My Tusker Safari 7s Memories

It is the week leading up to the 2019 Tusker Safari sevens and I don’t remember the last time I was this excited about the tournament, oh wait I do and it remains my best memory of the Tusker Safari sevens, best part is I did not attend the said edition.

A Safari 7s poster from 08.

It was ten years ago, sometime in mid June, ahead of the 14th edition, when it was last referred to as the Tusker Safari sevens and was the highlight of the Kenyan sporting calendar. The previous year the Kenya sevens had beaten the Emerging Springboks in the final, they had just finished 6th in the then IRB sevens series(08/09), and a young lad by the name of Collins Injera had literally taken the world by storm, finishing the season as top try scorer.

I was a couple of years fresh from high school, with little else to do, I literally lived and breathed rugby and the Safari sevens was the epitome of not only the sport, but the entertainment calendar in the country. In 2007, I remember watching in the evening news, as the star comedy group Redykyulass, landed in a helicopter at the center of the pitch. It was the talk of town for a very long time, still is.

I remember myself and couple of friends, promising ourselves that we would attend the Safari sevens the following year, 2008 came, found us broke and left. Then came 2009, we were still flat broke but, we were not going to miss this one, or so I thought.

I had put together an elaborate plan, which involved asking for money from my big brother who introduced me to the game, surely he would understand my desire to attend the tournament. I only had one problem, he was based in the US of A. Among many other things including time zones, Western Union, the local cyber guy and solid reasons why I deserved the cash, I was quite confident that I would pull this one off.

A day ticket was going for 800 bob (FYI we never complained), so by my calculations I needed around 2 thousand bob for the Saturday, I was never raised a greedy man so I opted to forego the Sunday. Also in true hard working fashion, I had saved around 700 bob, so I only needed 1300, but I asked for 1500, it sounded better.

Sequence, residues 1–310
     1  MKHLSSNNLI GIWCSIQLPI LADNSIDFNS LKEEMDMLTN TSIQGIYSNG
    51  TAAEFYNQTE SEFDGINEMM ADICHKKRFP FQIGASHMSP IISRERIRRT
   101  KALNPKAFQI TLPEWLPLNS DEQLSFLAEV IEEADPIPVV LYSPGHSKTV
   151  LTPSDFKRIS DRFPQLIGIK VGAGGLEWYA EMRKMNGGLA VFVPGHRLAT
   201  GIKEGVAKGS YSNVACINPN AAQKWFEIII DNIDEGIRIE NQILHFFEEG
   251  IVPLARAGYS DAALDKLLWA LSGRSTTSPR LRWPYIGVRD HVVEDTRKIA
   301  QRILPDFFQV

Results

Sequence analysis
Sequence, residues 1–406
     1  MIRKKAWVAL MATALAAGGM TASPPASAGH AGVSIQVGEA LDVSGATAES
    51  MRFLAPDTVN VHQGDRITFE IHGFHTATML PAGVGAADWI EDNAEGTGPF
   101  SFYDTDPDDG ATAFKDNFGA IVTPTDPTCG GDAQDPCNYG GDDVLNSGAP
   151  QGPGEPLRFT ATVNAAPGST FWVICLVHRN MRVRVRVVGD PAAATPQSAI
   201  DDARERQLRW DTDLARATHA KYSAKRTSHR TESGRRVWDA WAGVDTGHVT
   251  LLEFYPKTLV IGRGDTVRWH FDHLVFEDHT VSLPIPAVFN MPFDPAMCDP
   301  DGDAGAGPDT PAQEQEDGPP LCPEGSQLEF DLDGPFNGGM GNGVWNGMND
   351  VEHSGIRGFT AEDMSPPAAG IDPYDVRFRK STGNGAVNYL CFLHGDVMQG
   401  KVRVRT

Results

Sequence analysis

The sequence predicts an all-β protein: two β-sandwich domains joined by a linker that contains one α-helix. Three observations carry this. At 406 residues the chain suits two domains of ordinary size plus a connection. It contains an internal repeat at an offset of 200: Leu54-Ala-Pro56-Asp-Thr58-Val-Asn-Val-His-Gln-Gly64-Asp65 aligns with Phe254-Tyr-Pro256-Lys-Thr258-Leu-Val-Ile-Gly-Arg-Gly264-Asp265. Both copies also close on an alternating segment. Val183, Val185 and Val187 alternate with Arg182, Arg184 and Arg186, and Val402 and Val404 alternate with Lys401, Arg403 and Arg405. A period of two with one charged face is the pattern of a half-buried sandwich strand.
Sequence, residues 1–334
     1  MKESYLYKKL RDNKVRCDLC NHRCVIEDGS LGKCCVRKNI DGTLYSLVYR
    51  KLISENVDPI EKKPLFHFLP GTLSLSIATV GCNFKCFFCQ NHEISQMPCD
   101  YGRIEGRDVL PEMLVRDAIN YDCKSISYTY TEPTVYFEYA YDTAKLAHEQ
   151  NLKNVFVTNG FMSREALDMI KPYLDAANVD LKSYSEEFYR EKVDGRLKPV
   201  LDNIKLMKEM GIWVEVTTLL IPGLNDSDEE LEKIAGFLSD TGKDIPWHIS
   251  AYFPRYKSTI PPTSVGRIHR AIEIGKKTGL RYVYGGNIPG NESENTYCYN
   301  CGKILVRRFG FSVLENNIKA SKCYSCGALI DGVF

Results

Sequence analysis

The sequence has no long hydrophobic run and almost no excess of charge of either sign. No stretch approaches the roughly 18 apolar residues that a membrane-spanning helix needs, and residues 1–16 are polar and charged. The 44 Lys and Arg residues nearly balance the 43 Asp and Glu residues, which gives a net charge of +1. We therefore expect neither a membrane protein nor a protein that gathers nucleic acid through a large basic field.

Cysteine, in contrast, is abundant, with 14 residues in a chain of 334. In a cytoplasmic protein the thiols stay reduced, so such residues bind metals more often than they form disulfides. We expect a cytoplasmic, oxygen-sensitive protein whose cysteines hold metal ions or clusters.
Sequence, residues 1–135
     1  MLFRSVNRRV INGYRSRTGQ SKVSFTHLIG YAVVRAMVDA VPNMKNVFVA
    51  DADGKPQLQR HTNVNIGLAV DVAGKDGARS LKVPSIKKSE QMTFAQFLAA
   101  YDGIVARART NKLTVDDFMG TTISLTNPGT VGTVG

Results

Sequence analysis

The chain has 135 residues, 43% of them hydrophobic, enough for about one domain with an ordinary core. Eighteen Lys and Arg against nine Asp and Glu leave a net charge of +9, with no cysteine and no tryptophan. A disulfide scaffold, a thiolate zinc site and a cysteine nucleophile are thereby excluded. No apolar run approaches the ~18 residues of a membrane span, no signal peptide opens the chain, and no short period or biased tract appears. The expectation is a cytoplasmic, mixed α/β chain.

Collins Injera goes for a try during 09 Tusker Safari sevens semi-finals match against Samurai at RFUEA ground.Photo/CHRIS OMOLLO

A week to the tournament, with the city literally buzzing as it awaited for the tournament, I sat down at my local cyber in the late evening, past closing time, to draft my email to the big bro (WhatsApp ni wewe). I juiced every lyric I could conjure, as I still hadn’t forgotten my mail writing days in school. I knew he would see the email when he got up and would probably reply immediately, but I gave it 24 hours just to be sure.

The very next evening, I again spoke to the Cyber guy to wait for me after I got off training so that I could check my mail, nothing, next day, nothing…it was now three days to the tournament, I had almost given up all hope. Then on the Thursday, big bro replies. ‘Hehe OK, will sort you, check kesho ama Sato morning!’ The joy I felt at this moment, wacha tu.

From this point it was a game of wait and see, my pals had already made plans on what time they would leave, what mat they would wait for and such like things, ‘Oya msinisahau, bro amedai anatuma kakitu..’ I finally replied on Friday morning. I literally spent the whole day Friday at the Cyber, refreshing my email inbox (it took a good minute, or so to refresh my mail, which cost 10 bob, but I had 200 bob to spare, remember?)